Excerpt from the Official Report of


November 16, 2011

Impact of employment program restructuring on vulnerable persons.

S. Simpson: My question is for the Minister of Social Development. New employment programs in British Columbia have taken about $340 million of transfer money from the federal government. That money has been taken, and a radically restructured set of training programs have been put in place. As a result, about 400 different programs and services that were available have been consolidated now into 72 contracts across the province.

There's been a significant challenge in this restructuring, particularly concerning services for complex populations, including women, the disabled, youth, immigrant communities and populations with issues such as addictions and mental health. There is growing concern within the community that these initiatives, which are called the tier 3 and 4 initiatives, will not have their needs met.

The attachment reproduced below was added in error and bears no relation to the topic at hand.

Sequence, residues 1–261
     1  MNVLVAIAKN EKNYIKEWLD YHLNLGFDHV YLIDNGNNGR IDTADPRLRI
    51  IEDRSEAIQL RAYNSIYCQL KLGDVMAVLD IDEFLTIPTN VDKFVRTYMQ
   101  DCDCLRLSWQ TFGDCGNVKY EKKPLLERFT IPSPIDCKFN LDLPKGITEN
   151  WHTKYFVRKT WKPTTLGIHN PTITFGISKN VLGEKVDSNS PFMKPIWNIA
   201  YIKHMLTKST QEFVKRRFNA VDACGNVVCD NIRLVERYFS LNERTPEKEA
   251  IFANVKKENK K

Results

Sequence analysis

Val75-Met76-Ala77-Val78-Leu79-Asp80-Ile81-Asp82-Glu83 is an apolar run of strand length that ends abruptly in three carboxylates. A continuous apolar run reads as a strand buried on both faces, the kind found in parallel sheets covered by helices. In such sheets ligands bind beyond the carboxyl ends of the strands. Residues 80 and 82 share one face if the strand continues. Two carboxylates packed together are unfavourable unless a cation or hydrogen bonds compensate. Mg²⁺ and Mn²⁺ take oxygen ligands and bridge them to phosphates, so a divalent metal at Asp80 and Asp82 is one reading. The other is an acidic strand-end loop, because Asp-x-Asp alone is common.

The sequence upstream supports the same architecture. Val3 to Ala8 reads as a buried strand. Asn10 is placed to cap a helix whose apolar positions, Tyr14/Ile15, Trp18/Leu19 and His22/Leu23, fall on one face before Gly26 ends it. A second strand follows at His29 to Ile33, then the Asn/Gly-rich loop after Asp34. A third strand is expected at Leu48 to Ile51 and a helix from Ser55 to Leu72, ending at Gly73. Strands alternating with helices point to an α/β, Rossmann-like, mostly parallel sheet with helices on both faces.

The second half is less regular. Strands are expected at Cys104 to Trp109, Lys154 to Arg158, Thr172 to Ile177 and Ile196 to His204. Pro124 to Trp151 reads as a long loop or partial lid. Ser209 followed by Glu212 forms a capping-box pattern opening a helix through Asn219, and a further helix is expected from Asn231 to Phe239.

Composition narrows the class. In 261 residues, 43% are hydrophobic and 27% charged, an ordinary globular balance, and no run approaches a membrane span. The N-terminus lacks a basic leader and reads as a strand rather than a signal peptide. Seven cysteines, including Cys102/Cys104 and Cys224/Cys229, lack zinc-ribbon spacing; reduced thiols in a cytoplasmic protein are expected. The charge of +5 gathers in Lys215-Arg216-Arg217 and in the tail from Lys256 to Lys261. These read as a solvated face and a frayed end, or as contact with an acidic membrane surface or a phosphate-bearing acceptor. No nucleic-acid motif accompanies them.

Today we hear that PEERS, a key organization working to offer sex trade workers transition into other opportunities, including employment training, will be closing their doors largely because this program design does not meet the needs of their constituency.

Could the minister tell us how she intends for these employment programs to meet the needs of some of our most vulnerable citizens, like those served by PEERS?


S. Simpson: The challenge with the employment programs…. They're going to work fine for people who are fairly job ready. They are not looking like they're going to work well for people with complex needs or unique needs.

I quote Tracy Porteous from the Ending Violence Association: "Women who are escaping violence now can get help to rebuild their lives through a job-bridging program. With these changes, they'd have to go to a generic centre, which many may not do because of perceived safety issues."

There are those complexities there. There are similar complexities for sex trade workers, for other workers. Without access to core funding for those organizations, these invaluable services, like ones provided by PEERS, will be lost. They will be lost for a segment of our population which needs real attention.

How does the minister think that providing this cookie-cutter approach to employment services will meet the needs of these vulnerable and unique populations?



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